Follow by Email


Tuesday, October 2, 2018

Long term Vs short term camping

My lovely wife and I just came back from a weekend of camping. That was a fun thing to do for a few days. We also have gone camping for months at at time. So how does packing for long term differ from short term packing?

Not as much as you'd think. Start off by packing as if you'd been gone for a week or so. Make sure you have enough clothes for that amount of time. Have enough cleaning supplies to be able do laundry and dishes. Pack about a week's worth of food.

When you start running low on clean clothes, go to a laundromat. When your food starts to get low, go shopping. It's not that hard. Repeat as needed.

The thing is, most of us aren't going on a remote expedition. Even if you are camping in the middle of a National Forest, there's usually at least a small town nearby where the basics are available. In fact, a lot of camping areas have camp stores that carry some essential items. The selection may be poor and prices higher, but if it saves you a trip into town to buy something like bug spray, it's worth it.

Long term expedition camping is something else entirely. Packing for such trips require a lot more planning. Every ounce and inch of storage matters. Those trips are special cases. Even long range hikers like those on the Appalachian Trail don't pack that way. These days hikers pack light and plan on regular town stops.

Things are easier now than we first started camping. This past trip my lovely wife discovered she hadn't bought enough reading materials. We like to read in bed before going to sleep. No problem, she just downloaded a book onto the smart phone. I had dozens of books on my Kindle reader, so I was already set.

Of course, there's a lot more to long term camping than the actual camping. It takes some planning to make sure things are set back home before leaving. Then there's the normal “paperwork” of modern life: bills, banking, and business communication. Fortunately, all that stuff can either be simplified and/or dealt with using an Internet connection. That's a whole different blog post.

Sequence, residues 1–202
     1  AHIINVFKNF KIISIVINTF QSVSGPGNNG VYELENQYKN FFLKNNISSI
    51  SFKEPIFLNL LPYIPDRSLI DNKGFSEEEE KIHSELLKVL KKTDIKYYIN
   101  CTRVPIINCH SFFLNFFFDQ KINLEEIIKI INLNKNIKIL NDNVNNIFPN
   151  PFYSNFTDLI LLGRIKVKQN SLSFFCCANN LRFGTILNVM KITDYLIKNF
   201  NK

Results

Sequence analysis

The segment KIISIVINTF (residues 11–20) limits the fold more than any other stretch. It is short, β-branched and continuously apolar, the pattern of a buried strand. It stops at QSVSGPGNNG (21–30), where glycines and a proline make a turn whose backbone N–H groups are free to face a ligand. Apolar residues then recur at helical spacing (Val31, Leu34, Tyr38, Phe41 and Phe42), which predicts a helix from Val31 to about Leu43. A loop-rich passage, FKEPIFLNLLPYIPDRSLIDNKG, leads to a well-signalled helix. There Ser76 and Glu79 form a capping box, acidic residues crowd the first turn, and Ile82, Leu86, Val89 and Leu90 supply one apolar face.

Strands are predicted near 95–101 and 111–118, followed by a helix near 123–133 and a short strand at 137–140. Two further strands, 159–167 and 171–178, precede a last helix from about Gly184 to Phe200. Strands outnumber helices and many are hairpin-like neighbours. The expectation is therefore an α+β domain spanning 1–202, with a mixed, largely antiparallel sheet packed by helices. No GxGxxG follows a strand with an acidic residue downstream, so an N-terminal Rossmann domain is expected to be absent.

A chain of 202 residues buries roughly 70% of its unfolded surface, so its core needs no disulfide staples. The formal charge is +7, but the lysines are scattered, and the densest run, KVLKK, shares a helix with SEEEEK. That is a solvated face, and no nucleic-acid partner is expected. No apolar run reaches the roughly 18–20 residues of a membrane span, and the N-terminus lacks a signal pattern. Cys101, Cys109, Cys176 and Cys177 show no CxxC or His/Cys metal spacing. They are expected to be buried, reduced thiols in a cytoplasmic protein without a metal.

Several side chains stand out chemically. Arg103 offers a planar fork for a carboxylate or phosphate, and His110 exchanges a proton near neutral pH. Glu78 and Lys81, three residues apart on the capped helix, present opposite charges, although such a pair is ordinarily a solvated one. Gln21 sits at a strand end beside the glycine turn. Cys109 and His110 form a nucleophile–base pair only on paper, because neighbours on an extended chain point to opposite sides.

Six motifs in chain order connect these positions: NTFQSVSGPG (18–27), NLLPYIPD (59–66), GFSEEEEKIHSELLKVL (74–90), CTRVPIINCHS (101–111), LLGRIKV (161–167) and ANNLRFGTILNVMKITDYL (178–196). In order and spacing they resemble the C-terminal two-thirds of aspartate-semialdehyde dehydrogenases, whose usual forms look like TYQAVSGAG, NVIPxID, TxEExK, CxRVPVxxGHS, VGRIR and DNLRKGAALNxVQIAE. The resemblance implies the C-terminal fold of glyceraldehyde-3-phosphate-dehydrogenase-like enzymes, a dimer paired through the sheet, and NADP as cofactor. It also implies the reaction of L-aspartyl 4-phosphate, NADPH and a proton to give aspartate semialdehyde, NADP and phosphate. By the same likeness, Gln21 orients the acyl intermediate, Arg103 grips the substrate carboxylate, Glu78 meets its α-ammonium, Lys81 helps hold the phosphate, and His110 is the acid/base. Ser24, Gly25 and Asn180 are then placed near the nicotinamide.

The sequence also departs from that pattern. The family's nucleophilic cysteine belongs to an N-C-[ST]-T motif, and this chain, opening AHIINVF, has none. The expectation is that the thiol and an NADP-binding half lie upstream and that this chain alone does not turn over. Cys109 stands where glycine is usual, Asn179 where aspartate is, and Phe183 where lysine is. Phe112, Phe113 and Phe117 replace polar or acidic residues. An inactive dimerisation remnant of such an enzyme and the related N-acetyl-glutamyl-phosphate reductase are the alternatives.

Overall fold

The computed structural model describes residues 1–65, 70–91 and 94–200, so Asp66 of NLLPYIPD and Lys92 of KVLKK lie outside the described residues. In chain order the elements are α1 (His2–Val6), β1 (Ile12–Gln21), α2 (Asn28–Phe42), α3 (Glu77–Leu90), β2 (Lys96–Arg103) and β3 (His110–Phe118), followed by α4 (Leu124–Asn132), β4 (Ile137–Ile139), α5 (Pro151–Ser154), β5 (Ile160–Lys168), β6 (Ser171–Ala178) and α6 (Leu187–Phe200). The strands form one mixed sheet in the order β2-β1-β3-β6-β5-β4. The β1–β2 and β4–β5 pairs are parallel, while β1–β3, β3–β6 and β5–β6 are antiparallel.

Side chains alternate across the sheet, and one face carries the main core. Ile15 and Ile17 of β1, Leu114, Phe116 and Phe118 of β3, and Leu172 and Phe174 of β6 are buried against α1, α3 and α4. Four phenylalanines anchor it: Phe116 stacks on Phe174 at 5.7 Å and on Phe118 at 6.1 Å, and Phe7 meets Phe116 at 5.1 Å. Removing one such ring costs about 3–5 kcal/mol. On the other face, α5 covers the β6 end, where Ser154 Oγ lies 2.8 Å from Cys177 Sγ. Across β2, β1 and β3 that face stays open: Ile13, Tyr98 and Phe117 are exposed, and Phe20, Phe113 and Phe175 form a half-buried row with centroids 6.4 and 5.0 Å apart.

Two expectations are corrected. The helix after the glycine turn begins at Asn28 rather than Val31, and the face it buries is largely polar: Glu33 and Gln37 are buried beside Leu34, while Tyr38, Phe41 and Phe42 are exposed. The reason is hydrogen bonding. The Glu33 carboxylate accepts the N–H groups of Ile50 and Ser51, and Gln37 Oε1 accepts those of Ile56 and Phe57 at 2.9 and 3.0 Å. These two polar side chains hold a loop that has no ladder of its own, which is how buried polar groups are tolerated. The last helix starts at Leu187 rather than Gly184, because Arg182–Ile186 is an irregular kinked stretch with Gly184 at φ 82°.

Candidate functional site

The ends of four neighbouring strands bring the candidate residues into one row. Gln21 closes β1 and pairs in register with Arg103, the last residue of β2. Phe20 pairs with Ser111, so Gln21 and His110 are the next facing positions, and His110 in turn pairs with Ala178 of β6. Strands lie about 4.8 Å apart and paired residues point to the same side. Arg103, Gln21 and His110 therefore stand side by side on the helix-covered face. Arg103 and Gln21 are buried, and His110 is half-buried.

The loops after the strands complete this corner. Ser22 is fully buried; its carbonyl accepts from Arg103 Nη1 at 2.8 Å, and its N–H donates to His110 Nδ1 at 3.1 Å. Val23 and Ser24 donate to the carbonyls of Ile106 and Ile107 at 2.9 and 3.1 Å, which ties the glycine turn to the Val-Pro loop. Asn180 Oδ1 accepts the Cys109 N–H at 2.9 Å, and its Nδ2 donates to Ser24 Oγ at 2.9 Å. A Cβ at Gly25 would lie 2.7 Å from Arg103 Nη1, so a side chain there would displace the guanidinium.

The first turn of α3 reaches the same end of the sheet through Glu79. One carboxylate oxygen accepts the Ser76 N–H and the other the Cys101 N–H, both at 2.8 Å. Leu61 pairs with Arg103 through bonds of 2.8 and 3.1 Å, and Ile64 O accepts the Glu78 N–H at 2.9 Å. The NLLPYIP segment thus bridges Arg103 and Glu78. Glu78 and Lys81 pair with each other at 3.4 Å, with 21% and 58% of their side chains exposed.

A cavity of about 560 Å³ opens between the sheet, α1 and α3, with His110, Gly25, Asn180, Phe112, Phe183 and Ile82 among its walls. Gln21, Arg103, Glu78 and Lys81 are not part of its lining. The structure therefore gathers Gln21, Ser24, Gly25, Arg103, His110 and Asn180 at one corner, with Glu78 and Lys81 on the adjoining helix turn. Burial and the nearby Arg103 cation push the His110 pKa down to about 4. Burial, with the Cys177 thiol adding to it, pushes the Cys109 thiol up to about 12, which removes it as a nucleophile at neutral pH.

1. The whole idea of camping long term is the weather. Last winter we spent 150 days in our truck camper in the Southwest. The days' temps were in the mid 70's, but after 5pm the temperature dropped into the 50's and even into the 40's. That put us into the TC. This year I will be hauling our 5th wheel for a little more creature comfort. We are fortunate to have that luxury. Good luck in your winter getaway!

    1. We might not be "getting away" this winter. Our plans have been thrown out the window. However, we can hit the road on short notice, so we are keeping that in mind.

      We were comfortable enough in the van last winter, once I added a good 12 volt fan. However, the van isn't reliable anymore so we have transitioned back to car camping. It's a cheap alternative until we figure out what we really want to do.

      Going back to to the Southwest or heading to the Keys again?

    2. We are heading back to Davis/Monthan AFB in Tucson for a couple of months and in mid Jan shifting over to Earp, CA on the Colorado River. Waterfront site on the river. $ and that is with full hookups!

  2. How do you handle holding on to your camp site ? Assuming the location does not have alloted sites.

    Years ago, summer 1980, my cousin, brother and I went on 'An Adventure', teenagers on a camping trip for a week to Yosemite. Only Yosemite was filled up, so we elected to drive on to another forest near Mono Lake, but still in California side.

    We were there about 3 days, when another camping party drove by, asking when we were leaving. "Oh, not sure, why do you ask ?" "Well, we always use this spot." "Well, we are using it now." Three of us vs. five of them, but we weren't about to back down - first come, first served. We had a tarp stretched out over the back of my cousin's '76 Datsun pickup and slept in there. Yeah, the three of us - we were skinnier back then, lol.

    It was awesome. When we packed up, we went to lake one more time to visit, then turned around and went out, noting the people had already moved in. Boy - they REALLY wanted that spot.

    1. Last winter we were camping out of our van. To hold our place we set up a cheap $25 tent to hold our spot.

    2. Ah, simple but smart solution. Thank you for answering that.

  3. I slept out in the mountains with only the clothes that I had on my back and some beverage to drink. That was fun, but I was a lot younger back then, now I like my big diesel pusher.

    1. Heck, I've slept in snow caves -but don't care to do that again either!